While the show is about young gay men, it also appeals to a wider demographic because it is ultimately a story about the romantic lives and friendships of high school students. “Even though the series is focused around the love between two men, it brings back all the memories of what it is like to be in high school: the anticipation of what the future may bring and the dreams of becoming grown-ups. Its accurate portrayal of those themes is what makes it so unique,” another netizen writes.

When the two lead actors Huang Jingyu and Xu Weizhou appeared in Shanghai for a promotional function, they were mobbed by fans, many of whom were female, says Southern Metropolis Daily. The actors were so popular that some were willing to pay as much as Rmb10,000 ($1,539) for tickets to events where they could meet them, reports the South China Morning Post.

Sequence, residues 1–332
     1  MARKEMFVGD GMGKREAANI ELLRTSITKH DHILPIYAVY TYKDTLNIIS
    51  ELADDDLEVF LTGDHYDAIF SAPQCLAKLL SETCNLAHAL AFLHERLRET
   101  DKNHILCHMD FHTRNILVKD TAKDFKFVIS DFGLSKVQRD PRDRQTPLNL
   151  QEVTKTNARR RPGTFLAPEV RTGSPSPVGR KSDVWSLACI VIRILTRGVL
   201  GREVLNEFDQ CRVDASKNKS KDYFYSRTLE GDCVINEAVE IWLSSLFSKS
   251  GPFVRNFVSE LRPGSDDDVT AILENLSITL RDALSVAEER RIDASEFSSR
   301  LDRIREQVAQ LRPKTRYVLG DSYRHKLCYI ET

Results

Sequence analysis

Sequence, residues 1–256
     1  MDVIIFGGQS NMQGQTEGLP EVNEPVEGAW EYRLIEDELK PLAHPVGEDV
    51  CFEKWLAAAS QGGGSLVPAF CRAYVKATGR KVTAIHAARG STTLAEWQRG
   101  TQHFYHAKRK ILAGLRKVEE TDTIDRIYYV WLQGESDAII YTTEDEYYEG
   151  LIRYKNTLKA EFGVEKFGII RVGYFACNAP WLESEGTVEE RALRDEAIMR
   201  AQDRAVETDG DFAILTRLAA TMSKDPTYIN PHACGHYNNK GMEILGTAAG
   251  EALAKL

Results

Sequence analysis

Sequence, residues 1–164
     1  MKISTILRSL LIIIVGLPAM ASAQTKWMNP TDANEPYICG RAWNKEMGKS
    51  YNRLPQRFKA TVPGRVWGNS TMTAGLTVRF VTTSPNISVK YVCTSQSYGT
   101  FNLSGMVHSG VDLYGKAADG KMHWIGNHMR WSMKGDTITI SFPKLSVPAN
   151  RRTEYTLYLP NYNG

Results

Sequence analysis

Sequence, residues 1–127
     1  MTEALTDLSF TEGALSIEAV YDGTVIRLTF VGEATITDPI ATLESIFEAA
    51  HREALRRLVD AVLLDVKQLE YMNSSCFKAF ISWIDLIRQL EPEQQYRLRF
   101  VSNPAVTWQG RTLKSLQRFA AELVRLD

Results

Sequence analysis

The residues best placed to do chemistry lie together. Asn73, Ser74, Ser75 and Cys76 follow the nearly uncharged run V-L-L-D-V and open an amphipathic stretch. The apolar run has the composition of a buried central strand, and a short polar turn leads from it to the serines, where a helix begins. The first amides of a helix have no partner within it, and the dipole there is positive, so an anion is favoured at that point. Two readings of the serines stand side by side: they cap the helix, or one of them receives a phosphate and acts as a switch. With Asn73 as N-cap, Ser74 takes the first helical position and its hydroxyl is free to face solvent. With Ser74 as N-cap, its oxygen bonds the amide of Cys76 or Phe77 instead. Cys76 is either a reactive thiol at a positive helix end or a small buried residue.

Chinese media regulators, however, showed less appreciation. Late last month, the show was taken off the Chinese internet without explanation. On Douban, the TV series and film review website, previous discussions and reviews for the show disappeared.

“Why did the censors take away this drama?” one netizen asked on weibo. “The truth is that they are afraid of gay [issues].”

“I anticipated that it would be banned from the internet, but I still feel sad. When will our society become a multicultural and more tolerant one?” another sighs.

It is certainly not the first time a gay-themed programme has been axed. For instance, one episode of the online talk show U Can U Bibi – during which a gay host cried and called for social understanding – was spiked last July. Similarly, filmmaker Fan Popo’s documentary Mama Rainbow – about mothers learning to accept and love their gay children – was also removed from Chinese websites.

Still, the fact that Addiction was even put into production was surprising. Some say it suggests a growing open-mindedness when it comes to homosexuality. Indeed, interest in the topic among the younger generation has been increasing.